Five Short Plays About Hope: 1
CONTIANS: Swears, British and American politics, depression.
February 2017 was quite a fun time for me, I was taking part in 28 Plays Later, I was directing Handbagged, a play I loved with a great cast. I had a cold and was contending with the tube every morning (as we were rehearsing in London – a city I haven’t lived in for 7 years – oh how quickly one forgets what it’s like) but otherwise my life was good. But, like many I know, I was also in shock at what 2016 had revealed about the world; the rising to the surface of the hatred which I now must acknowledge was always there, but which I was protected from seeing by my privilege.
After my country had an ill-advised referendum, I spent every waking moment, when I wasn’t working, on social media, reading articles, trying to understand how the basis of my reality had shifted so suddenly. Then The Man Whose Name Has Meant I Have To Find New Words For The Card Which Beats Other Cards In Card Games was elected, and I realised that I was in danger of making myself seriously ill. So, I deleted Facebook and Twitter from my phone, I stopped visiting news sites. For two months I stayed news free. Ignorance, it turned out, really was bliss. I could get through my day without facing the growing panic of the world I lived in.
Eventually though, I heard some words by Robert Harrap, General Director of SGI-UK, where he said words to the effect of, ‘I want to read about the world as it is, so I can see how our spiritual practice needs to change it.’ So I upped the amount of Buddhist chanting and study I was doing and started buying the Week. If you’ve never tried it, it’s a very soothing experience – it has a neutral tone and reports what different papers are saying. For example, one might read; ‘Yesterday one thousand people died of plague in the UK. The Guardian thinks this could have been avoided by reversing the under-funding of the NHS while the Daily Mail points out that some of those who died were asylum seekers, so it’s not all bad.’ You see? Much easier to stay calm reading that.
As I started to feel bolder my mind started to turn to what could I actual do to make a difference. This preoccupation bubbled up repeatedly throughout the plays I wrote, so this week, to shake things up, I’m going to publish one of those plays a day, as Five Short Blogs About Hope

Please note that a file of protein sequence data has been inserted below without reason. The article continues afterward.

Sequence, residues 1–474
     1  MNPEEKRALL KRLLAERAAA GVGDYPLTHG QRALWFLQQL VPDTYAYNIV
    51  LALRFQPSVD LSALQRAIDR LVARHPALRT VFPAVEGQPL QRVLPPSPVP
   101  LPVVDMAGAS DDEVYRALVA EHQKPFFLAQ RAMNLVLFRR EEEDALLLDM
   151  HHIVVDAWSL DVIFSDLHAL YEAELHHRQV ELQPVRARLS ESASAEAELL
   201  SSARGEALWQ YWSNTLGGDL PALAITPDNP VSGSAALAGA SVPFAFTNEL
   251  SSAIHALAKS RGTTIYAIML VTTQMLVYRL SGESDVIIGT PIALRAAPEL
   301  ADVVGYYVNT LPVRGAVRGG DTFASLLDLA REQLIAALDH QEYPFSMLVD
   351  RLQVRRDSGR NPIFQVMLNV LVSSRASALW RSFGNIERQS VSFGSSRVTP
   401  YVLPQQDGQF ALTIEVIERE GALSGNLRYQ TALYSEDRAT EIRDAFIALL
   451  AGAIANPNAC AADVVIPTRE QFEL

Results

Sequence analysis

WHAT SHOULD I DO?
Lights up on an extremely lanky Yorkshireman in jeans, blue shirt, and a crumpled jacket. He looks up at the audience slightly startled.
ME: So, there’s this thing I’ve been thinking about. I’ve not fully got my head around it yet, but I thought I might as well share it with you and see where it goes. You find you’ve gone back in time to Germany, 1932. Hitler’s a big deal but he’s not yet Chancellor. Oh, and you can speak German. You’ve met up with some of your new friends, nice, well-meaning, middle class, vaguely artistic types. Not full-on Weimar republic hedonists, but still, pretty open. Not the sort to go smashing Jewish people’s windows. And they say to each other, and you, ‘Oh, I don’t know what to do! I’m scared. Scared for me, scared for my country, scared for my family, scared for people who are different from me, but who will suffer under what might come. I’m so scared I can’t really function, I’m struggling to work properly, I can’t concentrate, I’m getting depressed. I’m not really present, (except they wouldn’t say that, as that’s a late 20th Century thing at best, but for now, go with it, you get the gist), I’m not really present in my work, or with my family. I’m barely present here now. I’ve got all this worry, not sleeping at night, but I don’t know what to do. I’ve been on some polite marches, signed some petitions, I’m voting for other parties, I’ve even put their posters in my window, so, you know, I’ve stuck my neck out. But I know it’s not enough. So, do I not worry about it? Do I go back to focusing on being the best employee, family member, friend I can be, and block all the rest out? Or do I go all out and try and stop this evil? And what would that even look like?’ And you know, that in a few short months, Hitler will be Chancellor, then there’ll be a fire, and – boom – within a month, no more democracy. Nazis’ are the only party. And for millions of people it’s too late – a highly efficient system of killing will be developed – they are fucked. And the fate of the planet has changed, dragging in France, Britain, Russia, Japan. Bombs are developed, bombs are dropped. And you know all of this is coming. You know it all in detail, from books and endless documentaries and Oscar-bait films. And your new friends turn to you and say, ‘What should we do?’ They want to be good people, and if they can’t be good, they want to be happy, but now they’re just miserable and impotent. And what do you say to them? ‘Do something?’, ‘Do Everything?’ ‘Do Nothing?’
Because we know. Like they did, in their hearts of hearts, those nice well-meaning Germans of 1932. They know what’s coming. And we know what’s coming. So I’m asking you, as a nice, well-meaning man in the UK in 2017. What the fuck should I do?